(Doesn’t this BBS have any other way to emphasize text?) Tell that to all the guys released by the Innocence Project after exhausting all of their appeals and extraordinary writs.

Even if there were no uncorrected mistakes in the criminal justice system (AH HA HA HA HA), it’s wrong for the state to kill its own citizens. I used to be in favor of the death penalty in principle but against it because it was so unfairly applied, but in the last five years I’ve decided I’m just against it in principle. It’s barbaric and has no place in an enlightened democracy.

Compassion. Its much more compassionate to kill someone than lock him away for life. Jail is a form of cruel and unusual punishment.

So you’re saying that jail is unconstitutional and that everyone who’s sent to jail should be executed instead?

Compassion. Its much more compassionate to kill someone than lock him away for life. Jail is a form of cruel and unusual punishment.[/quote]

Ok. What’s the point of giving someone a life sentence?

Compassion. Its much more compassionate to kill someone than lock him away for life. Jail is a form of cruel and unusual punishment.[/quote]

Ok. What’s the point of giving someone a life sentence?[/quote]

er, I don’t get it. I don’t believe there is a “point” to the death penalty, but clearly there is a point to life sentences: seperating the people who have proven they are unfit to live with the rest of society from the rest of us.

Killing them has the same effect.
And in the long run … [size=6]It’s cheaper.[/size]

Actually it’s not cheaper.

That’s only because of the procedure slapped on top of the killing. Shoot first, ask questions later, and it’s a LOT cheaper!

If compassion means the Green River killer gets to spend the rest of his life in prison… then I’m against it.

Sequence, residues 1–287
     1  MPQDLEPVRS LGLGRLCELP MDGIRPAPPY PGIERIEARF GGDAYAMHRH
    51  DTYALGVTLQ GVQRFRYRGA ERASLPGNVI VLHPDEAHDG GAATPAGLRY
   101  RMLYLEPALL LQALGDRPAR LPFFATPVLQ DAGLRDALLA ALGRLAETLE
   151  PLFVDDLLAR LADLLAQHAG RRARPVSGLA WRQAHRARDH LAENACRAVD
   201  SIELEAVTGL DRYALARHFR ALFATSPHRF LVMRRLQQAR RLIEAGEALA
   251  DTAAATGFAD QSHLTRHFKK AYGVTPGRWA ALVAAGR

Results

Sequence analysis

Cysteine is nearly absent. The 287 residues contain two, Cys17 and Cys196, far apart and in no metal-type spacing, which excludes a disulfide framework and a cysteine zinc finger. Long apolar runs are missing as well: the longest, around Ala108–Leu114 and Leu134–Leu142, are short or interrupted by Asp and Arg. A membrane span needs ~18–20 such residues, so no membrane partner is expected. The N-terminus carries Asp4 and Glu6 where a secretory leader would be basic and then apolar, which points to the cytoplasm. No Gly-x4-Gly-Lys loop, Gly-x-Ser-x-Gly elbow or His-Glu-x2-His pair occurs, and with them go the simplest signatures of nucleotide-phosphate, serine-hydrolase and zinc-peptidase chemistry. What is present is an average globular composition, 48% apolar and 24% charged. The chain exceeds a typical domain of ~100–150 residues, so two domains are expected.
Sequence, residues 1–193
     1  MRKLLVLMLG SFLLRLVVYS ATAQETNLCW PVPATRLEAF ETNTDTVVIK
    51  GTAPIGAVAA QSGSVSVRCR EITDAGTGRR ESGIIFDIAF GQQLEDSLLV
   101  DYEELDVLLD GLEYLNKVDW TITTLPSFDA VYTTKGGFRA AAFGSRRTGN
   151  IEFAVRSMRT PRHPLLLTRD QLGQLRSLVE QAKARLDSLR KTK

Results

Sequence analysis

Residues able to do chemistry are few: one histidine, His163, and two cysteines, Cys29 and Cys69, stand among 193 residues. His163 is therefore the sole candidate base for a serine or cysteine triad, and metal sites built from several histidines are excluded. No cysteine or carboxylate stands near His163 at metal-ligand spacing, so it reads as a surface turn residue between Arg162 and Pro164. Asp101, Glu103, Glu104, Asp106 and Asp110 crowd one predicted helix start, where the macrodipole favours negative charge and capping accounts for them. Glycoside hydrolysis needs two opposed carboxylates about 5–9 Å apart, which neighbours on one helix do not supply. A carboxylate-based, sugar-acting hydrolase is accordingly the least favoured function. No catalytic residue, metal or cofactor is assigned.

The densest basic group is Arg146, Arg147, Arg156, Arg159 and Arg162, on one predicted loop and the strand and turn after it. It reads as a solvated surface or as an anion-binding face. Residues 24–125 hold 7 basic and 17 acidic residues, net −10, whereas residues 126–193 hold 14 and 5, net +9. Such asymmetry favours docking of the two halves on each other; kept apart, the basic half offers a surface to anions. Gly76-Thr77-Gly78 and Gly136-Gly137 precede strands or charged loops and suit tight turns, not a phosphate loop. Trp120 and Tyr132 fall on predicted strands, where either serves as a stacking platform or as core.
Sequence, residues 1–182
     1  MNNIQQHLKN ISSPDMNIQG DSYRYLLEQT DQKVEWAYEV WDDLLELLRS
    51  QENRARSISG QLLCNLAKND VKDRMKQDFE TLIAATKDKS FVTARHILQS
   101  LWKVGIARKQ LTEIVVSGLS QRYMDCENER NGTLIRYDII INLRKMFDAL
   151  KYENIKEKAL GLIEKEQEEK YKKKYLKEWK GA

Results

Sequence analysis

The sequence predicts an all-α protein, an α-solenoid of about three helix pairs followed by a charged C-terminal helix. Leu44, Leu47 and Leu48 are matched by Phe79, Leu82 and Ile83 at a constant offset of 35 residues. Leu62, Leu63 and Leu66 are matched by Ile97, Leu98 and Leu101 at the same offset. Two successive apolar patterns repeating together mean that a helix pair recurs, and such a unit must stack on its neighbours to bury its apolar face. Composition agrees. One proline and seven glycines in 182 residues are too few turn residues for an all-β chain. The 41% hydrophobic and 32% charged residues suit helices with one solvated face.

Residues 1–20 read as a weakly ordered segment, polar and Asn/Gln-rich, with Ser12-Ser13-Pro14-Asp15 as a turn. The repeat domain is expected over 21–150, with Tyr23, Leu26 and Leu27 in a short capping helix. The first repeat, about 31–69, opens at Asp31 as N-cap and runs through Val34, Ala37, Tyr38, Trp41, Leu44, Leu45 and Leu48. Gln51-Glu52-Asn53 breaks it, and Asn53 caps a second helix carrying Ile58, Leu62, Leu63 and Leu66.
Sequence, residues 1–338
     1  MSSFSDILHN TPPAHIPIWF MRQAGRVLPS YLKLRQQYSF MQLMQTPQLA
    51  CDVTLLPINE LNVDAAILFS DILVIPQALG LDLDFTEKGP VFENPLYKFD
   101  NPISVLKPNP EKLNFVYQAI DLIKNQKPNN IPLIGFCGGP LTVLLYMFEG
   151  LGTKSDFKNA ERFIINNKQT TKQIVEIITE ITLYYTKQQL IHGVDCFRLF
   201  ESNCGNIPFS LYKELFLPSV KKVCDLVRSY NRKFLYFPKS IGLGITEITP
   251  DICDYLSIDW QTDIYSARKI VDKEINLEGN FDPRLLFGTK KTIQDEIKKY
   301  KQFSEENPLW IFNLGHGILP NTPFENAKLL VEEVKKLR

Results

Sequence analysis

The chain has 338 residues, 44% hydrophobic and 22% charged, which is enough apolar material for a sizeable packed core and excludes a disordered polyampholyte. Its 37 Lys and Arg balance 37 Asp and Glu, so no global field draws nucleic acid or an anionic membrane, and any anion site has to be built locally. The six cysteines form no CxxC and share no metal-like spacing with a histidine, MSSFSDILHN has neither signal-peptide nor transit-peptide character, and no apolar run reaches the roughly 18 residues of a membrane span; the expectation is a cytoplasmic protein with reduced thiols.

In confessing to more murders than any other serial killer in U.S. history Wednesday, the 54-year-old former truck painter provided heart-wrenching details of the 48 women he murdered to their families gathered in a Seattle courtroom to hear his confession.

Ridgway pleaded guilty to 48 counts of aggravated murder and agreed to provide information to help locate remains lost for nearly two decades in exchange for prosecutors agreeing not to seek the death penalty.

This person has earned the right to die for his crimes. But he cut a deal. Some justice system we’ve got.

Earned the right to die? Maybe. But who has earned the right to kill him?

Since we’d need laws to actually explain this “new, improved death penalty,” how would it be definied, in a legal sense?

“When they’re really, really bad people?”

“When the crime is really, really awful?”

I’m not entirely sure how you judge one murder somehow better or worse than another, but I’d think it would be impossible to make any sort of meaningful legal distinctions (beyond the existing ones, first, second-degree, etc.).

And I"m with others: used to be for it, still can say, “Yeah, the world would be better off without that Green River killer,” but have become opposed to the entire concept of the death penalty.